ALPERN AT LARGE--Forever we'll debate the differences and similarities of men and women, and forever we'll debate whether treating women differently than men is empowering or demeaning to either gender. But at least we're on our way as a society to one common conclusion: that treating other human beings like chattel or sexual objects is in no way acceptable or appropriate in a civilized society.
One can despise President Trump's past comments (and potential actions) to women, and yet support his administration's emphasis on combating human trafficking.
One can support (or not) the women's marches against President Trump, but whether one supports or opposes the "Nasty Woman" speech of Ashley Judd, her denunciation of Harvey Weinstein and (with Rose McGowan, who perhaps should be Time's Person of the Year for 2017) leading an explosive domino effect against sexual harassment is now applauded by all.
One can support (or not) President Bill Clinton's past presidency, but--as with "America's Dad, Bill Cosby", the era of "letting boys be boys" is over.
One can support or oppose Minnesota Senator Al Franken, or one can support or oppose the senatorial candidacy of Roy Moore (if one stays, by the way, expect the other to be emboldened to stick around), but the era of society being okay with taking advantage of sleeping women, forcing oneself on another person, or dating vastly underaged/minor women (or even men) is over.
One can support (or not) the contention that Hillary Clinton should have been elected president, but still wonder whether she did something horrible by enabling her husband's predatory behavior, or wonder whether she did something horrible by destroying the women who dared accuse him of harassment or even rape. The era of "standing by your man no matter what" is over.
One can despise (or support) conservative media icons (the late Roger Ailes, or the fired Bill O'Reilly), or one can despise (or support) liberal media icons (Charlie Rose or Glenn Thrush), but the era of power enabling men (or women, for that matter) to "do what they want" with women (or even men, for that matter) who work for you is over.
One can wonder if Corey Feldman and others are justified in calling for money and the freedom to create movies about the youth sexual abuse subculture in Hollywood, but the era of allowing that sort of statutory rape and intimidation to be the status quo is over.
Maybe the casting couch was never funny, and maybe to some it was funny...but it's NO laughing matter anymore. Maybe a new chaperoning rule will be in effect now, either in Big Hollywood or Big Media or Big Politics, but the era of disregard of the rights of the employees, and the acceptance of betrayal of those who put their trust and hope in the hands of the powerful, is over.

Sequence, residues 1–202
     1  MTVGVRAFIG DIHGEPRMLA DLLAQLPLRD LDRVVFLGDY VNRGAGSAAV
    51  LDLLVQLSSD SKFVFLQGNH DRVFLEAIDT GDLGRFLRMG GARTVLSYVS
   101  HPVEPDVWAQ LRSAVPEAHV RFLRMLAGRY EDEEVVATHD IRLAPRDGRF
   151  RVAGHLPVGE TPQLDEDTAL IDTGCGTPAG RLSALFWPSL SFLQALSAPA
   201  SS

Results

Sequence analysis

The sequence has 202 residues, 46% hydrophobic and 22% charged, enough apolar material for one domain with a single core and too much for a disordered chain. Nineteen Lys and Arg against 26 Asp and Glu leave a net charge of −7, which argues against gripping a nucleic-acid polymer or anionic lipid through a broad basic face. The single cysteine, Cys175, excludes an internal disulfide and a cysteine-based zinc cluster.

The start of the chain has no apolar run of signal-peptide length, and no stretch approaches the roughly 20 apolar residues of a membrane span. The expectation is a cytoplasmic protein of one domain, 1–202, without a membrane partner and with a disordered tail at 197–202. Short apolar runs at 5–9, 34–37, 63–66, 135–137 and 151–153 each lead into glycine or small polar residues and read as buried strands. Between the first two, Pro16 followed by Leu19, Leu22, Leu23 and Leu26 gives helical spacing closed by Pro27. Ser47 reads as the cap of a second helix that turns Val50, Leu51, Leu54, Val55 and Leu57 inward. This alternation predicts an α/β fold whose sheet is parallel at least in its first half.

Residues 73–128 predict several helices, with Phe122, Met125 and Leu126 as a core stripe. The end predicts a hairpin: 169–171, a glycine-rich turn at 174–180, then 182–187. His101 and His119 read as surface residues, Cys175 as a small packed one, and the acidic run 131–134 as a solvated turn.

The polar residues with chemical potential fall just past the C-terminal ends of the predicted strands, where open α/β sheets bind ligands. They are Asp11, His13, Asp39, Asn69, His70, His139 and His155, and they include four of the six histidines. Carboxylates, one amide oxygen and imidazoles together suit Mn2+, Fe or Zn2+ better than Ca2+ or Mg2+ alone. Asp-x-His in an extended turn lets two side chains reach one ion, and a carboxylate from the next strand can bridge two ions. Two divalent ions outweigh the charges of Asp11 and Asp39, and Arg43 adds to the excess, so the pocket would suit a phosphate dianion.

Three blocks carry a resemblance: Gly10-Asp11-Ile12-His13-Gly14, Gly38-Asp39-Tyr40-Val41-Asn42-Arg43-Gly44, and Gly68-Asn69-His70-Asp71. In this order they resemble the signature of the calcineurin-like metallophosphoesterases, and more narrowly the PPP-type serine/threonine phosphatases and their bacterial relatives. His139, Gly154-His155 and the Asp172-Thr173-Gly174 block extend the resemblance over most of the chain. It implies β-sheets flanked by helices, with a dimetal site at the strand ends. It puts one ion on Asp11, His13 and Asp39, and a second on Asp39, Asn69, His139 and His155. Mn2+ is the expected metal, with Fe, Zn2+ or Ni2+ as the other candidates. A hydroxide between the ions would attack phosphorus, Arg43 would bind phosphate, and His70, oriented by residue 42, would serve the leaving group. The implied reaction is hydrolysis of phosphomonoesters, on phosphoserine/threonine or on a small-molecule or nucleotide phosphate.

And while the need to be presumed innocent until proven guilty is as essential as ever, the era of allowing the powerful to rob others of their innocence against their will is over.
If a man or woman teaches others, employs others, leads others, commands others, or controls the lives and/or careers of others, then those specific others are off-limits.
As a physician, I learned early on in medical school that if you were "hitting it off" with a patient, then that person was to be "off-limits" and that potential relationship was to be terminated, because it had NO future. Period. End of Story. Too damn bad if that was your "soul-mate"... find another person who was NOT your patient, because all such relationships invariably led to ruin.
Ditto with the other professions that have "pecking orders" like the military, the workplace, and the classroom. Find your "play-thing" or "soul mate" somewhere else...and if you REALLY have the hots for someone then separate your professional lives for a long time and see if it was meant to be (probably not, but if it's for real then it can wait a year or five).
And, of course, if one is truly drawn to love another who works for him/her, then perhaps it's best to pray for that employee to find true love and happiness with someone ELSE...and subjugate one's own personal desires to the desire to wish that beloved person the joy that was never meant to be shared by his/her superior.
Character and restraint still count, and feelings and mutual respect still count, and honor and dignity still count, and role models still count, after decades of one sexual revolution after another in the Land of the Free and Home of the Brave.
Maybe it was the example of former President Barack Obama, and maybe it was the examples of President Bill Clinton and Donald Trump, that kickstarted this movement to "rip the bandaid" off the sexual harassment countercultures in our nation, but that bandaid is now off.
And on this Thanksgiving, with our divided nation more split politically and spiritually than ever, perhaps we can rejoice that on this one issue we now remain more united than ever.
(Kenneth S. Alpern, M.D. is a dermatologist who has served in clinics in Los Angeles, Orange, and Riverside Counties, and is a proud father and husband to two cherished children and a wonderful wife. He is also a Westside Village Zone Director and Board member of the Mar Vista Community Council (MVCC), previously co-chaired its Planning and Outreach Committees, and currently is Co-Chair of its MVCC Transportation/Infrastructure Committee. He was co-chair of the CD11 Transportation Advisory Committee and chaired the nonprofit Transit Coalition, and can be reached at firstname.lastname@example.org. He also co-chairs the grassroots Friends of the Green Line at www.fogl.us. The views expressed in this article are solely those of Dr. Alpern.)